On to Murdoch’s speech, which dealt far less with news content but still had some points to highlight:
Too often the conventional media response to the internet has been inchoate. A medium once thought too powerful has often seemed impotent in the past few years. Of course there should be a price paid for quality content, and yet large media organizations have been submissive in the face of the flat-earthers who insisted that all content should be free all the time.
There are plenty of people who think you should pay for content, me included. I operated a successful premium content site for years. Murdoch’s Wall St. Journal is one of the best examples of one in the mainstream media. So the point…?
There are many readers who believe that they are paying for content when they sign up with an internet service provider, presuming that they have bought a ticket to a content buffet. That misconception thrived on the silence of inarticulate institutions which were unable to challenge the fallacies and humbug of the e-establishment.
Gosh, I suppose when I bought my TV, I thought I just got all that free stuff out there. But then I couldn’t get to HBO. Turns out I had to pay for it. HBO convinced me I should seek them out, and I did.
The aggregators and the plagiarists will soon have to pay a price for the co-opting of our content. But if we do not take advantage of the current movement toward paid-for content, it will be the content creators, the people in this hall, who will pay the ultimate price and the content kleptomaniacs will triumph.
Will that also include reporters at mainstream publications who quote other publications without explicit permission, who don’t link to them or who research stories for free using tools like Google? Would it include Murdoch himself, who said later:
A cursory search of the internet will throw up some rather vigorous and vitriolic criticism of this curious character called Rupert Murdoch.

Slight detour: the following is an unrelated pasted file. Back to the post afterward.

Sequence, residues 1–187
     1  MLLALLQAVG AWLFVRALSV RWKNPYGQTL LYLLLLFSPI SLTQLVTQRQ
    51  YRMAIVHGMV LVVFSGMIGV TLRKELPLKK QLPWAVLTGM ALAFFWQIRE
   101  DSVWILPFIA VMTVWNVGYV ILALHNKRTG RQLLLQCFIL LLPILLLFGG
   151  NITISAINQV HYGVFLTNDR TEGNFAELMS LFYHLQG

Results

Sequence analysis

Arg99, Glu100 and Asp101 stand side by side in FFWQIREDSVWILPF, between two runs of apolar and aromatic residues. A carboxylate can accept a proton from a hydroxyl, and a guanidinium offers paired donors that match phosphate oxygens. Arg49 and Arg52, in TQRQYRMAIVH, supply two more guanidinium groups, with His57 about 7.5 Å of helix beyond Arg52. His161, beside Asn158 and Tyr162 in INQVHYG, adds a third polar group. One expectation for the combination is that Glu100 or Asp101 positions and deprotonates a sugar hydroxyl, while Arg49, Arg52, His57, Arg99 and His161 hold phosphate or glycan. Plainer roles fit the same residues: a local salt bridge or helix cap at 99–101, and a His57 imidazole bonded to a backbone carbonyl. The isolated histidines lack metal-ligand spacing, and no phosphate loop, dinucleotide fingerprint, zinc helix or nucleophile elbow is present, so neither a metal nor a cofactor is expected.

I’m guessing he did that search on Google, which while he didn’t attack by name in this speech, has clearly been one of his targets recently. He doesn’t pay for using Google. He probably felt the summaries of that criticism that Google listed was fair use. But he also seems to suggest in the same criticism that listing pages, providing summaries and linking to those pages is something Google should be paying each and every content owner for. Such a system probably goes against accepted fair use. Certainly it would be hard to implement. It neglects the fact that anyone who wants out of Google can get out with a simple electronic “do not enter” sign that’s been a standard for over 10 years.
Also see my recent article, Google CEO Eric Schmidt On Newspapers & Journalism, which touches on some of the issues above in more depth, along with Google’s views on many of them. Also see more discussion on Techmeme.
Postscript: Also see What The Associated Press is saying to Google, Microsoft, and Yahoo from Zachary Seward at the Nieman Journalism Lab. It’s a must read. In short, in post-speech remards, AP’s Curley seems to believe he’ll partner with Microsoft to ensure AP content gets top ranking in Microsoft portal and search properties (like Bing) and that Microsoft will be getting past Google with new visual search technology. Which caused me to comment:
Google could easily say thanks, no thanks, sue us if you think showing summaries and links is a violation. The hosted AP stories, to my understanding, is something the AP wanted from Google — not something that Google cares about having.
All this continues to make me think (or be scared) of just how fundamentally off the AP seems to be at the highest level. That they just don’t get how Google operates, that it cares to point out (not in).
I know Microsoft’s search technology as well if not better than Curley. If he’s drinking the koolaide that they’re going to blow Google away with some new tech, he’s in for a rude awakening. Geez, visual? You mean like SearchMe which went offline (with no one noticing)?